Does the universe contain dark stars – objects that are bigger and brighter than our own sun, and powered by particles of dark matter? A team of astrophysicists who have analyzed data from the James Webb Space Telescope says these mysterious celestial giants could exist.
Katherine Freese, director of the Texas Center for Cosmology and Astroparticle Physics at the University of Texas at Austin, told the Texas Standard that it’s difficult to determine whether the objects in question are early galaxies or true dark stars. Listen to the interview above or read the transcript below.
This transcript has been edited lightly for clarity:
Texas Standard: What’s a dark star?
Kaherine Freese: A dark star? Yes. What a strange beast that we have proposed. These are stars that are made of ordinary matter, but they would be powered by dark matter particles. So they would have been the very first stars to form in the history of the universe when the universe was about 200 million years old.
And they form at the centers of proto galaxies where there’s a lot of dark matter. And the question we asked is, what does a dark matter do? And we realized that it could change the nature of these first stars dramatically.
So the first stars are made of hydrogen and helium from the Big Bang. That’s it. There’s nothing else yet in the universe. And as they start, as you have these collapsing clouds towards making stars, the dark matter particles – well, we think dark matter is made of particles – these things start annihilating among themselves and they dump all of their energy into these collapsing clouds of hydrogen.
So then the annihilation products get stuck inside these collapsing clouds. And so you’re heating up hydrogen and you’re turning it into a new kind of star: a dark star.
How much debate is there about the existence of dark stars as you’re describing them?
I think one of the big questions is what is the universe made of in a bigger picture? And in that sense, ordinary stuff – ordinary matter that makes up our bodies, our walls, the air, stars and planets – all of that is only 5% of the content of the universe.
And the rest, the 95%, is all dark matter and dark energy. We don’t even know what the dark matter particles are. But they have to exist because we see dark matter pulling on things everywhere.
If the dark matter is made of the particular type of particles that annihilate among themselves, that would deposit heat in a collapsing cloud, then dark stars, they should exist. But we don’t know that yet because we don’t know what the dark matter is. So the best thing we can do is make predictions for what these stars look like and go test those predictions.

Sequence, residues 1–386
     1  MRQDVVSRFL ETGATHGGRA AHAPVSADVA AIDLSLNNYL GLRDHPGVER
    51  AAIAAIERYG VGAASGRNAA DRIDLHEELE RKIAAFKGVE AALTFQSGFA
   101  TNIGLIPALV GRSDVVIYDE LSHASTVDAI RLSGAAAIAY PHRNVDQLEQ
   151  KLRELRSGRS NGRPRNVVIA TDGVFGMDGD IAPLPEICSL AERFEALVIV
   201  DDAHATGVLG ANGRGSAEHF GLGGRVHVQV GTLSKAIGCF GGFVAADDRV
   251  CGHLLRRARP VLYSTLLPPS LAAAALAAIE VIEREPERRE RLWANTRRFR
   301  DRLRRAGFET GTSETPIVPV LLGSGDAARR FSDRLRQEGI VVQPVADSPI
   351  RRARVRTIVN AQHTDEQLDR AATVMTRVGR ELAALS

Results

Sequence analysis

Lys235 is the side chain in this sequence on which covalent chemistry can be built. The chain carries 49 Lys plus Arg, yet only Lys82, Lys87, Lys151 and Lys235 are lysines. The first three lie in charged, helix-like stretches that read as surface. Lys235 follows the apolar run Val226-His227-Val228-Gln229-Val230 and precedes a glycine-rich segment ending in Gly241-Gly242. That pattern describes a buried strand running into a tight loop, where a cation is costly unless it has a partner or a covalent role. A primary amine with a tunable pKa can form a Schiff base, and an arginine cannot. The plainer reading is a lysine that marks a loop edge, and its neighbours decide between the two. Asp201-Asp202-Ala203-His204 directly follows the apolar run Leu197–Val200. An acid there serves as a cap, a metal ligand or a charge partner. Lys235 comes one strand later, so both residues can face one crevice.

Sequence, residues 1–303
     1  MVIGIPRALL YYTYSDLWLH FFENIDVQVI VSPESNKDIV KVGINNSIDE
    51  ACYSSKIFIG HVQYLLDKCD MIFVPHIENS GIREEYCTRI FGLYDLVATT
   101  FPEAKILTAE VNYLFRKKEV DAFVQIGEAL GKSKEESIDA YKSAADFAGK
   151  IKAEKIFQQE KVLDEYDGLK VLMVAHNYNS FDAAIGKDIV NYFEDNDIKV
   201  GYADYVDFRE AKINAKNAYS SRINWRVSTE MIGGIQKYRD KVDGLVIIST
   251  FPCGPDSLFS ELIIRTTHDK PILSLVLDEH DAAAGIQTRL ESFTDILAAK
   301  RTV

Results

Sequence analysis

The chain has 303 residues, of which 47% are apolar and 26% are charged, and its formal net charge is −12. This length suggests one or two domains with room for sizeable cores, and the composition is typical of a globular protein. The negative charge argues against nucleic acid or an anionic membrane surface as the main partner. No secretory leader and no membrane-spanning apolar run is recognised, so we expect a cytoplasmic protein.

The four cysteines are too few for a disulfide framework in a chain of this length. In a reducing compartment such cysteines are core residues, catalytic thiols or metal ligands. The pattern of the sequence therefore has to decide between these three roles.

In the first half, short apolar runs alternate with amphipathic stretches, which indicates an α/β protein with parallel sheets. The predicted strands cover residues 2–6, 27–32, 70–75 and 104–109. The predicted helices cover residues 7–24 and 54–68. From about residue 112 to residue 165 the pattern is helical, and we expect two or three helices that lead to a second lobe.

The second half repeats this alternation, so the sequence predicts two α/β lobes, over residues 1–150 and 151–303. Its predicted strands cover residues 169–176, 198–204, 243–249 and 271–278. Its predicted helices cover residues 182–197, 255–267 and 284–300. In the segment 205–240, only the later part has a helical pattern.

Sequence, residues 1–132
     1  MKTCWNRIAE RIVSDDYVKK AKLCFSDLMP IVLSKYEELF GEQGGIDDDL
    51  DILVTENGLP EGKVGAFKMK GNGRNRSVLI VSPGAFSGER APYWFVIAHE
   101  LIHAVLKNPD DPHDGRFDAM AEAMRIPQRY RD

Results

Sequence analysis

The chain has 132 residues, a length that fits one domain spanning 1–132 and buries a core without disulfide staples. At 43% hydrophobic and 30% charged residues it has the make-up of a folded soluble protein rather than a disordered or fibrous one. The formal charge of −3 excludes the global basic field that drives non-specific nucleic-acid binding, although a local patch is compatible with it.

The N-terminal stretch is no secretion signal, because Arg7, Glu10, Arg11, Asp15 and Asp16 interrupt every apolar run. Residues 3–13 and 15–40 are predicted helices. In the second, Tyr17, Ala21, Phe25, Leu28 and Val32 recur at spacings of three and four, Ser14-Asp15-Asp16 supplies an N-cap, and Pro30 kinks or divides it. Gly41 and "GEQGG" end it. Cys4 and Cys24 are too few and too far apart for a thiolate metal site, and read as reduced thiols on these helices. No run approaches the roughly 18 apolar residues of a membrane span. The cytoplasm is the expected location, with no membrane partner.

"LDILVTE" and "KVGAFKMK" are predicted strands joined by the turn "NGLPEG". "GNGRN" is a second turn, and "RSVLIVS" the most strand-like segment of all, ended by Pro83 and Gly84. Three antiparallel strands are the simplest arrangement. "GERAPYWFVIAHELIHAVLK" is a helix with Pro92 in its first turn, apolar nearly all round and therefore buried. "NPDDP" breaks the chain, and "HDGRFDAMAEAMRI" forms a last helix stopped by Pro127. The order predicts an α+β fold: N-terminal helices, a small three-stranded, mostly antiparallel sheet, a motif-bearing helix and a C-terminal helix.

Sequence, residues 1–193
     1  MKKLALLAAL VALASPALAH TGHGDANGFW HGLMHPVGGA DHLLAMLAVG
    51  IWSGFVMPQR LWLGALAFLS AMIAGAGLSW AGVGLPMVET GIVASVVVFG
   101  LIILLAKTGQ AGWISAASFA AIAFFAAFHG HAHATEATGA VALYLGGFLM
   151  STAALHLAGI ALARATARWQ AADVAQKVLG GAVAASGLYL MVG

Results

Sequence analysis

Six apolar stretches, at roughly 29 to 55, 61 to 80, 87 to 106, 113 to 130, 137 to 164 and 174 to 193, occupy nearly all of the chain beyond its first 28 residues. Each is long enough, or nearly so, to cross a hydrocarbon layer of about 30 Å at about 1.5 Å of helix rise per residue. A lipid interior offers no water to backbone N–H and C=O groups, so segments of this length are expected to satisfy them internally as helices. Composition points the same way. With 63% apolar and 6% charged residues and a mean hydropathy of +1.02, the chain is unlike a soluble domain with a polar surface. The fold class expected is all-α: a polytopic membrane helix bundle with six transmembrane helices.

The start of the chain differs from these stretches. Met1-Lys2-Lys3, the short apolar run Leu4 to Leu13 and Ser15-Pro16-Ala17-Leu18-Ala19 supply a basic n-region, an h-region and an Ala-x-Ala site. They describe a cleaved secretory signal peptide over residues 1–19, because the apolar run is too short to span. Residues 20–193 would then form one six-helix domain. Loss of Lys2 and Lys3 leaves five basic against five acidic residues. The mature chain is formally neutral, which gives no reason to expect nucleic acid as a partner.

What needs to happen to confirm the theory?
Well, the dark stars that we predict are very, very strange looking. So in size and radius, they’re 10 times the distance between the Earth and the sun; that’s the radius of one of these things. So they’re big and puffy. They’re very cool. So their surface temperatures are the same. They would look like the sun as far as the temperature goes, but they can grow to be really, really big and bright, like a million times as massive as the sun, a billion times as bright as the sun.
So if you see the strange combination of having a relatively cool star, but one that is so giant and bright, that’s one of the things that we’re looking for. And in the James Webb Space Telescope, we made very specific predictions for what to look for. One dark star is as bright as an entire early galaxy’s little stars would be. We’re waiting for further confirmation in the James Webb Space Telescope of more dark star candidates.
One of the things you always look for in the star is a spectrum. So how much light is coming out at different wavelengths. It’s called the Blackbody spectrum. So there’s a peak at one particular wavelength and it falls off in a very well-defined way on either side of the peak. We made those predictions actually in 2010 for what they should look like.
So far, we have spectra for four objects that we checked out, and three of them actually are consistent for the objects of early universe objects that the JWST sees. Three of them are consistent with being either a dark star or an early galaxy; we can’t tell the difference yet. But down the road, when they find more objects, some of them will be highly magnified. They’ll be brighter because they’ll be lensed by something in between us and the distant objects, so that highly magnifies what we see.
If you find more objects – what were you going for there?
If the future objects contain stuff beyond hydrogen and helium – like carbon, nitrogen, other elements – that’s a galaxy. But on the other hand, if it’s only hydrogen and helium, and we make specific predictions for some type of helium line, that if you saw that line, then that would be a dark star.
So with better information about the spectra – how much light there is coming in different frequencies from it – really, we need brighter objects. We need magnified objects. But those will be coming.
Was it the Webb telescope data that made this breakthrough possible?
The Webb Space Telescope is the first one that’s able to look far enough back in time to look for dark stars. So this is what we’ve been waiting for.